NetSift, Inc. is a San Diego company on the fast track , a track so fast, in fact, that NetSift will soon be absorbed into Silicon Valley tech giant Cisco Systems.
This comes only a year after NetSift was founded.
Last week, Cisco announced plans to buy NetSift for $30 million in cash and options. The sale is expected to close by the end of July.
NetSift specializes in the security of high-speed computer networks. Brainpower from UC San Diego and Enterprise Partners Venture Capital was the propulsion that sent NetSift on its meteorlike ascent.
The company builds on research that George Varghese, a UCSD professor of computer science and engineering, performed on ways to spot and combat fast-spreading computer worms. Also doing key work was graduate student (and NetSift chief scientist) Sumeet Singh, graduate student Cristian Estan (now a professor at the University of Wisconsin) and UCSD professor Stefan Savage.
Varghese took a one-year leave of absence from his job at UCSD’s Jacobs School of Engineering so he could work on NetSift. It looks as though one year will turn into two years: Varghese has agreed to work for Cisco in San Jose for a year, and is expected back at UCSD in September 2006.
Enterprise Partners would not reveal the return on its investment in NetSift. The University of California stands to make money in the transaction via a license fee, though the university has not released that number.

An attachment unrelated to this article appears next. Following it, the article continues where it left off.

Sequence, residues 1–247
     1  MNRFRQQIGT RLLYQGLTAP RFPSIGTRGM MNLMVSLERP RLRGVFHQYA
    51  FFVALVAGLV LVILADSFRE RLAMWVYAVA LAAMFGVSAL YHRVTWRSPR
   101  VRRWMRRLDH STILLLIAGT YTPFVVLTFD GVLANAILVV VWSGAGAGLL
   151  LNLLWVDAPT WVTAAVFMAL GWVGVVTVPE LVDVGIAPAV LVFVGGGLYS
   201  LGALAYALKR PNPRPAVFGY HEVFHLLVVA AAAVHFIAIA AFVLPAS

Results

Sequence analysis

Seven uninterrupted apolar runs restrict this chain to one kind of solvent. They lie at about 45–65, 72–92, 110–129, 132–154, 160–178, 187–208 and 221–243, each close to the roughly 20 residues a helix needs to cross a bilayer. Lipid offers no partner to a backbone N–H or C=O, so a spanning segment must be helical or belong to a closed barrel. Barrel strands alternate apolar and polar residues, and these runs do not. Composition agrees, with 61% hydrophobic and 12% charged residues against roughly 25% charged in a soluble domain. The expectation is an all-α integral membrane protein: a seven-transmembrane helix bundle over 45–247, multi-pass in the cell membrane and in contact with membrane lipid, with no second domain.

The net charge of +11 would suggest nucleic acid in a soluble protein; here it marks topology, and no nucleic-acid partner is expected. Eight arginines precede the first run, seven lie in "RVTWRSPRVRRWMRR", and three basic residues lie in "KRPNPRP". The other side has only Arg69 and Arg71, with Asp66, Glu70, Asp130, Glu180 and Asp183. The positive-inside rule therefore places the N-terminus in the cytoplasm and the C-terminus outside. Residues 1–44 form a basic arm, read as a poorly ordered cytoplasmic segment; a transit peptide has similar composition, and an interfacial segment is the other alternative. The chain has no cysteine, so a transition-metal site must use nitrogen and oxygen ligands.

NetSift has 15 employees. Some will move to Cisco’s Internet Systems business unit in San Jose.
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Army PC Work:
The Titan Corp. will continue to provide information technology services for the top people in the Army, specifically 10,000 military, civilian and contract employees running personal computers on their desks.
Titan last week announced a deal that could be worth $405.9 million over seven years, provided that the Army exercises all of its options.
The San Diego-based company and its subcontractors will compete to provide a menu of services such as installation, system administration, videoconferencing and operating a service desk. Titan will also support the Army’s effort to update its desktop computers.
Awarding the contract was the U.S. Army Headquarters Information Management Support Center. The dozen subcontractors on the deal include Hewlett-Packard Co., CACI International Inc. and Lockheed Martin Information Technology.
Titan trades on the New York Stock Exchange as TTN.
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Say It And Play It:
Speech command technology developed by San Diego-based V-Enable is at work on Leap Wireless International’s Cricket wireless phone network.
People who would like to personalize their phones with a new ring tone can simply speak the name of an artist. The phone will then present them with a list of tones to preview and download.
V-Enable develops mobile speech search technology. Sam Poole is chief executive officer of the privately held company.
Contact Brad Graves via e-mail at email@example.com, or call him at (858) 277-6359, Ext. 3115.